October 24, 2014
Seminar in Composition
Environment vs. Genetics – Lewontin and Autism
How do you separate the factors that make you, you? It is universally accepted that every person is built on a set of genes. At the same time when we all arrived on campus for the first time and met new people we noticed things that made them different in other types of ways, most notably – accents, slang, beliefs and many other things. None of those that I listed are genetic, or are they? But would it not make more sense for them to be acquired by ones environment? Quite frankly that makes more sense and in Biology as Ideology Lewontin figures the same in the chapter “A Story in Textbooks.”
In his argument against the sociobiological theory, Lewontin notes that a result of the theory the claim of “individual properties are coded in our genes” (94, Lewontin) and follows up by pointing out a lack of evidence. He lists of some of these proposed ‘properties’ including; entrepreneurship male dominance and aggressivity that all cause conflict between sexes. As we lack a vast knowledge of what characteristics origins from certain genes neither side of this argument can truly be proven as of now but it seems highly unlikely and “social traits in North America…no serious person believes genes determine these attributes” (96, Lewontin) takes the words out of my mouth. So yes, I agree with Lewontin that environmental attributes like these are in no way genetic but picked up as we grow in our environment but another question that should be asked is – can the environment cause biological changes?
In an article by CNN’s, Harmeet Kaur, “Genetics play a bigger role than environmental causes for autism,” Kaur brings attention to the debate of the strength of the environment on mental diseases, mainly focusing on autism. Autism has taken on new forms of publicity as science has advanced, originally people with these mental diseases were outcast into institutions until realizing the reality of the situation. As society grew to know more about the disease we discovered it became relevant that autism is a genetic disorder that directly effects the neurological system of our bodies. More recently the disease has become more common, spawning the question, do parts of our environment have the ability to give a child autism. What makes this question legitimate is the complexity of genetics associated with the disease itself, allowing things like metals and pesticides among the many victims of blame towards causation of autism. That being said Kaur makes it clear “genetics plays more of a role in the development of autism than environmental causes, according to new research published Sunday in Nature Genetics” (Kaur) right off the get go and includes the statistical medium “the study found that 52% of autism risk comes from common genes, while only 2.6% are attributed to spontaneous mutations caused by, among other things, environmental factors.” There is a fine line in biology of what causes autism as proven above but with certain radicals 2.6% is still claims a chance.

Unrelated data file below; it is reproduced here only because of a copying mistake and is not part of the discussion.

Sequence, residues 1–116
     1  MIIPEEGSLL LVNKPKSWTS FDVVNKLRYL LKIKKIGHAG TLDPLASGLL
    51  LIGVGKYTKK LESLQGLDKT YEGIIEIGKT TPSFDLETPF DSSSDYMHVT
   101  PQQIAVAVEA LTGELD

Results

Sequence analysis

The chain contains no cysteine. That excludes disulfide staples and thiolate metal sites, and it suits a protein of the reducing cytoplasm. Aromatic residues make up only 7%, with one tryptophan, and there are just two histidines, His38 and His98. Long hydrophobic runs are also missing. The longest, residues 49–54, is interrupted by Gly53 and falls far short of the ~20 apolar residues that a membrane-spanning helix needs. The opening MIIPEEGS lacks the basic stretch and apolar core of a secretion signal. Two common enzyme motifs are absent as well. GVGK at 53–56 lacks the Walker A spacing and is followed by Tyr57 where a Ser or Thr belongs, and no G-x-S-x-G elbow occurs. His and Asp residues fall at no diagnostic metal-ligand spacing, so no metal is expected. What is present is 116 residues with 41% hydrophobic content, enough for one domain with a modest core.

How does this connect to Lewontin’s argument? On page 97, he delves into the functions of DNA and the science of it with in the body and that is where he would disregard environmental factors as causing autism. I am sure that his claim would be along the lines of the popular explanations for autism that something went wrong in development stages for the baby thus causing cells and genes to get messed up somehow. On the surface, blaming mental diseases on pesticides in the air sounds well, sound but if I were to follow a possible Lewontin argument my first question would be how did they make their way all the way down to the DNA? I am no scientist at all, in fact I take astronomy classes to avoid chemistry and biology so it is quite possible that there is a great answer to that question but it seems more like fiction to a common folk like myself.
Early in the book Lewontin points out a possible solution to the autism argument and a cure for it. On page 49 he goes on about how if we could find where autism comes from in a gene then look at a ‘normal’ persons same gene that we could take the normal gene and fix the broken autistic gene. In this argument he both claims that autism is genetic but also gives a realistic solution. Continuing his writing though, he raises the big red flag and gets into a whole new social argument by claiming “the first error it makes is in talking about the human gene sequence as if all human beings were alike” (50, Lewontin), what is normal? In fact earlier this afternoon my floormates and I were debating if there really is a ‘normal’ person and what defines one of these people? I’m going to end that before I get off too much on a tangent so all-in-all to answer my opening question, yes. I do believe that both environment and genetics make us. But genetics make us, us while the environment makes us who we are. It is our social, religious, political and personal beliefs that come from what we grow up around but the actual growing up comes from those pesky double helix things floating around within us.
Abbey, Edward. Desert Solitaire; a Season in the Wilderness. New York: McGraw-Hill, 1968. Print
Kaur, Harmeet. "Genetics Play a Bigger Role than Environmental Causes for Autism." The Chart RSS. CNN, 22 July 2014. Web. 21 Oct. 2014. <http://thechart.blogs.cnn.com/2014/07/22/genetics-play-a-bigger-role-than-environmental-causes-for-autism/?iref=allsearch>.